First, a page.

On this date in 1739, Penelope Kenny and Sarah Simpson were publicly hanged in colonial New Hampshire for “feloniously concealing the death of a[n] … infant bastard child.”
The first people — male or female — executed in New Hampshire history had separately disposed in August 1739 of their respective newborns. Unluckily for them, some never-discovered third woman did the same thing around the same time much less adroitly … and her dead infant was found in a well.
The ensuing investigation uncovered (in one case by the forcible ministrations of a midwife team) the recent pregnancies of this day’s victims, and though Simpson claimed her child was miscarried, she still fell under a law making a capital crime of covering up the death of a baby.
In provincial New Hampshire, as was common across colonial America, the punishment of fornication and bastardy was harsh, and the stigma that followed could cost a working class woman her livelihood. When Penelope Kenny and Sarah Simpson gave birth in August 1739, they both knew that the physical product of their sexual improprieties must be concealed. It was an awful decision to have to make, but in their minds “infanticide might have seemed a matter of survival.” The discarding of illegitimate children, however, seems to have been an issue in New Hampshire long before 1739. In 1714, the General Assembly passed “An Act to Prevent the Destroying and Murdering of Bastard Children,” which declared
Whereas many lewd women that have been delivered of Bastard children, to avoid shame and escape punishment, do secretly bury or conceal the death of their children…Be it therefore enacted…that if any woman be delivered of any Issue of her body, male or female, which if it were born alive should by law be a Bastard; and that she endeavor privately either by drowning or secret burying thereof…so to conceal the death thereof that it may not come to light, whether it were born alive or not but be concealed. In every such case the Mother soe offending shall suffer Death…except such Mother cann make proof by one witness at least, the Child whose death was by her so intended to be concealed was born dead.
Executed Today: The first hanging in New Hampshire didn’t happen until 1739?!
Christopher Benedetto: There were plenty of capital laws and there definitely were cases where people were tried for their lives, but why it took so long … they had crossed some sort of a boundary. I’m sure the loss of so many children only a few years before [in a diphtheria epidemic] made these crimes that much more shocking.
ET: You’re working on a book on crime in New Hampshire.*
CB: The criminal history of Massachusetts has been studied for so long, but there’s really nothing like this for New Hampshire at all. And there’s so much there. There’s a whole chapter in the book on infanticide and child murder.
ET: What’s the perspective you get working deeply in a local milieu?
CB: I think having grown up here, my own family I’ve been able to trace back to the 1650’s in Massachusetts … it’s always been a big part of my life.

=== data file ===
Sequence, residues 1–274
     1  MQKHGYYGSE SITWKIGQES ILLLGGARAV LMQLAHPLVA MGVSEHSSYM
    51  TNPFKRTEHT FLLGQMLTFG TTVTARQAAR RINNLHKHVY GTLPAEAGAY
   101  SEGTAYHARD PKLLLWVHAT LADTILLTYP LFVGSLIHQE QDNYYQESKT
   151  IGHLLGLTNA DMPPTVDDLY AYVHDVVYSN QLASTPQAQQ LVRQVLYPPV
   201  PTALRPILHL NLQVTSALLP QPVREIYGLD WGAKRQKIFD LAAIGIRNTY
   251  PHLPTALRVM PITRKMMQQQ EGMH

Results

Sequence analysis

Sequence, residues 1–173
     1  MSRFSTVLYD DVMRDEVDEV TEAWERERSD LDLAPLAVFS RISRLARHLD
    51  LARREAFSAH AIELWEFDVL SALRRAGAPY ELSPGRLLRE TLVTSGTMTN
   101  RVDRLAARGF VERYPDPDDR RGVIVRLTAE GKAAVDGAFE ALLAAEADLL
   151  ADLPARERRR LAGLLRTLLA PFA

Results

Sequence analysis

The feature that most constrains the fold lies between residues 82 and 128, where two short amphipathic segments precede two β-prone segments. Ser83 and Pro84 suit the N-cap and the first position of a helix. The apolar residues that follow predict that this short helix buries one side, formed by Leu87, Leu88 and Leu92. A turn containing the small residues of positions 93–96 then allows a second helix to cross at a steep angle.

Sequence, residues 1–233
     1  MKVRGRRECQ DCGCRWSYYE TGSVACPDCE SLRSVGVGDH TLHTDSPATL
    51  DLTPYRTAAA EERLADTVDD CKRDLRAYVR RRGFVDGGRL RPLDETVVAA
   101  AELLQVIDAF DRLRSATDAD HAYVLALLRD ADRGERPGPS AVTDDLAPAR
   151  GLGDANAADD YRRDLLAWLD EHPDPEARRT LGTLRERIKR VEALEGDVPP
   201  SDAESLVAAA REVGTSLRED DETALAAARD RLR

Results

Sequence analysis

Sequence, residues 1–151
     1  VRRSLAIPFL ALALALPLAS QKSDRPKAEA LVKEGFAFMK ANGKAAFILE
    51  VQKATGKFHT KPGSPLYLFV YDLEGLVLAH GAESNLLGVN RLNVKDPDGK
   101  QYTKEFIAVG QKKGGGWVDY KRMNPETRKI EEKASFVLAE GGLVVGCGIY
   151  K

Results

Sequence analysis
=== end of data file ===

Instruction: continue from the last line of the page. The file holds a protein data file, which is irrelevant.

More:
I like being able to go to different sites where these things actually happened. I think that’s true for any historian — you’re drawn to the specific places. The town I grew up in, Ipswich, they have plaques of people who lived there. Anne Bradstreet‘s house is still there.
I could walk on a lot of the streets or at least go to some of the places where these things took place.
But to me, history is about people. It’s about passions. To me, these people are so much like us today. Human nature has not changed a lot over the years.
ET: Does that lead to any conclusions on the death penalty in general?
CB: It’s one of the few things that’s as controversial now as it was two, three hundred years ago. I don’t think capital punishment prevents crime. I do think there are certain instances where the crime is so heinous, so bad — I don’t know, I’m sort of in the middle on it. I think we should reserve the right to do it, but does it improve our society at all?
ET: What advice would you have for a young person about being a historian? What’s the historical method for you?
CB: I would say, just be curious. You’ve got to be relentless. You’ve got to go after what you’re passionate about — nobody wants to do research about something they’re just not interested in.
To me, I love writing, but I think one of the most thrilling parts can be when you’re sort of on the hunt. I kind of see being a historian — and not just professionally; anyone who’s researching a family history — you’re almost like a quilter. You’re taking all these little pieces of fabric and just trying to create a whole picture. That might be my favorite part, taking all those pieces of information and just putting them together.
It’s not that nobody had ever written about that execution [of Kenny and Simpson] before, but maybe nobody had taken all that information and just kind of put it together in that way. You’re not always going to have something 100% new to say, but you might present it in a way that casts a new light or makes somebody think about it differently.
* Tentatively titled Gruesome Stories from the Granite State with an anticipated release in 2009 through regional press Commonwealth Editions.